Clinical trials are research studies that test new drugs or other treatments in people. They compare standard treatments with others that may be better.
Clinical trials are one way to get the newest cancer treatment. They are the best way for doctors to find better ways to treat cancer. If your doctor can find one that’s studying the kind of cancer you have, it’s up to you whether to take part. And if you do sign up for a clinical trial, you can always stop at any time.
If you would like to learn more about clinical trials that might be right for you, start by asking your doctor if your clinic or hospital conducts clinical trials. See Clinical Trials to learn more.
When you have cancer you might hear about other ways to treat the cancer or treat your symptoms. These may not always be standard medical treatments. These treatments may be vitamins, herbs, special diets, and other things. You may wonder about these treatments.
Some of these are known to help, but many have not been tested. Some have been shown not to help. A few have even been found to be harmful. Talk to your doctor about anything you’re thinking about using, whether it’s a vitamin, a diet, or anything else.
You’ll be glad when treatment is over. For years after treatment, you will see your cancer doctor. Be sure to go to all of these follow-up visits. You will have exams, blood tests, and maybe other tests to see if the cancer has come back.
At first, your visits may be every few months. Then, the longer you’re cancer-free, the less often the visits are needed. After 5 years, they may be done once a year.
Having cancer and dealing with treatment can be hard, but it can also be a time to look at your life in new ways. You might be thinking about how to improve your health. Call us at 1-800-227-2345 or talk to your cancer care team to find out what you can do to feel better.
You can’t change the fact that you have cancer. What you can change is how you live the rest of your life – making healthy choices and feeling as good as you can.
Anyone with cancer, their caregivers, families, and friends, can benefit from help and support. The American Cancer Society offers the Cancer Survivors Network (CSN), a safe place to connect with others who share similar interests and experiences. We also partner with CaringBridge, a free online tool that helps people dealing with illnesses like cancer stay in touch with their friends, family members, and support network by creating their own personal page where they share their journey and health updates.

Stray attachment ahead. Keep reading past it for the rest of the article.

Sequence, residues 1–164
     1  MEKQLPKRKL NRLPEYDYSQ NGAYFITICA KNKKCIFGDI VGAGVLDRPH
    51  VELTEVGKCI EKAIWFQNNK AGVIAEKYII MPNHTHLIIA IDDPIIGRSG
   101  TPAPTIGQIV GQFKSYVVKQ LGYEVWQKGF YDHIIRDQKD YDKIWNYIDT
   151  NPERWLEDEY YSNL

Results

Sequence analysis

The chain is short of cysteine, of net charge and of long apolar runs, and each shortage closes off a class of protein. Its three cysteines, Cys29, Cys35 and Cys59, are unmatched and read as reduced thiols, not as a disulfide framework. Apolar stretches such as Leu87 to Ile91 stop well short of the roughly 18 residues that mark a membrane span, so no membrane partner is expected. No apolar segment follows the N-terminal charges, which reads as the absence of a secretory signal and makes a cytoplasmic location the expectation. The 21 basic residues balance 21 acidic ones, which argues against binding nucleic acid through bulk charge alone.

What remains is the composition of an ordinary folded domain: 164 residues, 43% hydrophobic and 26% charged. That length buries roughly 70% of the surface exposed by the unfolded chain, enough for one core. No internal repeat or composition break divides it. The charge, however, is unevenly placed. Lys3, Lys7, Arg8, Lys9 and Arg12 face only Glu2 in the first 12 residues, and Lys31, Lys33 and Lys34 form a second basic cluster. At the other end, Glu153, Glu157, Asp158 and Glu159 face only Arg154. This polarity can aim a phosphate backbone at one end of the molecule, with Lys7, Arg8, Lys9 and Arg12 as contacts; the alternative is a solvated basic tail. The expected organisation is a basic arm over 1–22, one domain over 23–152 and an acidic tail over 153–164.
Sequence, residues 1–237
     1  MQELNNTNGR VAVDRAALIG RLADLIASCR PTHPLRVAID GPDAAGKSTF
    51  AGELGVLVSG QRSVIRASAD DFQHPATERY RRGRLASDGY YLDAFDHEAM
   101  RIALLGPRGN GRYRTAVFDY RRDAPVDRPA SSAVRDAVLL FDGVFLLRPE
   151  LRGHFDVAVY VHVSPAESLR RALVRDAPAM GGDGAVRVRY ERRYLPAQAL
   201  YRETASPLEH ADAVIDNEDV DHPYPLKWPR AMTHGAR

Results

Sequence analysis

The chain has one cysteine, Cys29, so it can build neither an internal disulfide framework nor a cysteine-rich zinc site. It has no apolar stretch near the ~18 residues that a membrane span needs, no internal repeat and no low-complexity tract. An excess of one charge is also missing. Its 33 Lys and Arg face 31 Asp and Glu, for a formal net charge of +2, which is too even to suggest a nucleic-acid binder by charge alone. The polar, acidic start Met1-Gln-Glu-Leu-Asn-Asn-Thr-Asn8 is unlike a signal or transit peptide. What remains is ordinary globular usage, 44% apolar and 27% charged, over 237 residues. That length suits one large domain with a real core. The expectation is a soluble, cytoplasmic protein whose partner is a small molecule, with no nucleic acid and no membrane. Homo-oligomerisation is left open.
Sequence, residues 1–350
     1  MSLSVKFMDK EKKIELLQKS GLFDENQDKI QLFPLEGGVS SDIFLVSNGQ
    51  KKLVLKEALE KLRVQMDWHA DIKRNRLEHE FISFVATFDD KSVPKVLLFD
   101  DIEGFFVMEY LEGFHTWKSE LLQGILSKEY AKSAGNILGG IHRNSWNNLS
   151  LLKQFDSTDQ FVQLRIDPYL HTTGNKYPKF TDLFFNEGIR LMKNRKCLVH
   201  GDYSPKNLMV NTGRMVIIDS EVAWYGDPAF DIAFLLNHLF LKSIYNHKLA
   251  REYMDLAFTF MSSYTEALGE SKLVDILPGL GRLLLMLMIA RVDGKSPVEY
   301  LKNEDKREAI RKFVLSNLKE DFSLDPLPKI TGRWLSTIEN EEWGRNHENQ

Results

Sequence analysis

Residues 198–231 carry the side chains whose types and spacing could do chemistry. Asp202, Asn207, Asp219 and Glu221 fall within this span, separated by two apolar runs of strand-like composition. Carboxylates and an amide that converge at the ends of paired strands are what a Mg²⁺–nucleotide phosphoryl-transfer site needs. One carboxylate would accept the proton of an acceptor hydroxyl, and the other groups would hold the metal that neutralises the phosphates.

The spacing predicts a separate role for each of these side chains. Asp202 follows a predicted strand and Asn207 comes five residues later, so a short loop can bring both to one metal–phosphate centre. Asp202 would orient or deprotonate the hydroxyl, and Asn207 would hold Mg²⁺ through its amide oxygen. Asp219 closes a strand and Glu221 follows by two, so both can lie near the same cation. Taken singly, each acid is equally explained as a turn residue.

Our team is made up of doctors and oncology certified nurses with deep knowledge of cancer care as well as journalists, editors, and translators with extensive experience in medical writing.
Basal cell cancer (BAY-zul sell can-sur): The most common type of skin cancer. It starts in the lowest layer of the skin, called the basal cell layer.
Biopsy (BY-op-see): Taking out a small piece of tissue to see if there are cancer cells in it.
Immunotherapy (IM-yuh-no-THAIR-uh-pee): Treatments that uses the body’s immune system to fight cancer.
Melanocyte (meh-LAN-oh-site): A cell in the skin that makes and holds melanin. These are the cells that can become melanoma cells.
Melanin (MEH-luh-nin): The pigment that gives color to skin and helps protect it from damage from UV rays.
Melanoma (MEH-luh-NOH-muh): Skin cancer that starts in melanocytes.
Metastasis (muh-TAS-tuh-sis): The spread of cancer from where it started to other places in the body.
Squamous cell skin cancer (SKWAY-mus sell): Cancer that starts in the flat cells on the outer surface of the skin.
Last Revised: August 14, 2019
Donate now so we can continue to provide access to critical cancer information, resources, and support to improve lives of people with cancer and their families.